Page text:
4.   Ensure Council’s risks are mitigated through appropriate policies, procedures, insurances and training.

5.   Review the trial at the 9 month point and report the findings to Council.

 


Ordinary Council Agenda - Late Items                                                              Tuesday 3 April 2018

 


 


 


 


 


 


 


 


 


 


 


 


 


 


 


 


 

 


Ordinary Council Agenda - Late Items                                                 Tuesday 3 April 2018

 

6.6       Executive Services

6.6.1    Chief Executive Officers Matters Advisory Committee - Terms of Reference

File No:                                  .

Attachments:                        1        Chief Executive Officer Employment Matters Advisory Committee - Terms of Reference   

Responsible Officer:           Chief Executive Officers Matters Advisory Committee

Author:                                  Chief Executive Officers Matters Advisory Committee    

 

RECOMMENDATION SUMMARY

THAT Council:

1.   Adopt the changes to the Terms of Reference of the CEO Employment Matters Advisory Committee (CEMAC) shown in red in the attachment to this report; and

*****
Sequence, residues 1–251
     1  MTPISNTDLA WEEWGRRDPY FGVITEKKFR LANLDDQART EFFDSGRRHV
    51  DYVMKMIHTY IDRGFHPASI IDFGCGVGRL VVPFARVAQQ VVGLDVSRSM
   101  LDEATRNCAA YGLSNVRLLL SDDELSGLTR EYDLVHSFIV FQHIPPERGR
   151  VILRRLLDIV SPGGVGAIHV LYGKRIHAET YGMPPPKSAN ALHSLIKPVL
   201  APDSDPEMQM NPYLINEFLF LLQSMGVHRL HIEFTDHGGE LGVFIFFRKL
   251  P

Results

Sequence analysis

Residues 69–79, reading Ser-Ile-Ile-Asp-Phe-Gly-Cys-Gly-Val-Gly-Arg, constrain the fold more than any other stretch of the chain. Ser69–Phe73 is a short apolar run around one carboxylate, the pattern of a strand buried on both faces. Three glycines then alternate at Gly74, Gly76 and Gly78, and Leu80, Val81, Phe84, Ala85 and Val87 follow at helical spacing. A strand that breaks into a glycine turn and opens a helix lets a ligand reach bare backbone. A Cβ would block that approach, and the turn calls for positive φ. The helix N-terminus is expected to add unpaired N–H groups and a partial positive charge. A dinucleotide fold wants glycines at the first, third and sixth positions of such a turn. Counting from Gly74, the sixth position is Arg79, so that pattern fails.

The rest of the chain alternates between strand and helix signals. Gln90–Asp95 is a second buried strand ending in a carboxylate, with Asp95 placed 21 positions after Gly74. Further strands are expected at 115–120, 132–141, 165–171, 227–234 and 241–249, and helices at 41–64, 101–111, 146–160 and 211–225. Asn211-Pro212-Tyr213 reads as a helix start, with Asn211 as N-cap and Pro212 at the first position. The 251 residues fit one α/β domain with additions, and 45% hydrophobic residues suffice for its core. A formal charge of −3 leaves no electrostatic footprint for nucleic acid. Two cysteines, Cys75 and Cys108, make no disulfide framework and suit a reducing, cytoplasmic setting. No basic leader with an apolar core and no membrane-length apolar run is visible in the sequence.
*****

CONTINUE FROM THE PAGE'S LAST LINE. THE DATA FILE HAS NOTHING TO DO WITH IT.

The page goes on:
2.   Publish the CEMAC Terms of Reference on Council’s website.

KEY FACTS AND / OR ISSUES

·    The CEMAC Terms of Reference were adopted by Council on 9 August 2016 and revised on 18 December 2017, when the membership composition was changed.

·    The changes that are proposed are mostly administrative in nature and do not affect the core role and functions of CEMAC.

 


 

Report

Background

Council adopted a Terms of Reference for its CEO Employment Matters Advisory Committee (CEMAC) in August 2016. 

On 16 February 2018 the members of CEMAC reviewed the Terms of Reference and proposed a number of changes, shown in red in the attachment.

Proposal

The attachment to this report provides a copy of the CEMAC Terms of Reference with proposed changes marked in red.

Where words are proposed to be deleted they are shown with strikethrough text and proposed additional words are shown.

The changes do not affect the core role and function of CEMAC, but do improve sections relating to the role of the Independent Person and the process used to select that person and other minor changes.

PARTICiPATION and ENGAGEMENT

CEMAC reviewed the Terms of Reference at their meeting held on 16 February 2018.

Councillors reviewed the draft Terms of Reference at the Governance Forum held on 20 March 2018.

Critical Dates

The Terms of Reference require review every two years.  This is the first formal review of the Terms of Reference since they were adopted in 2016.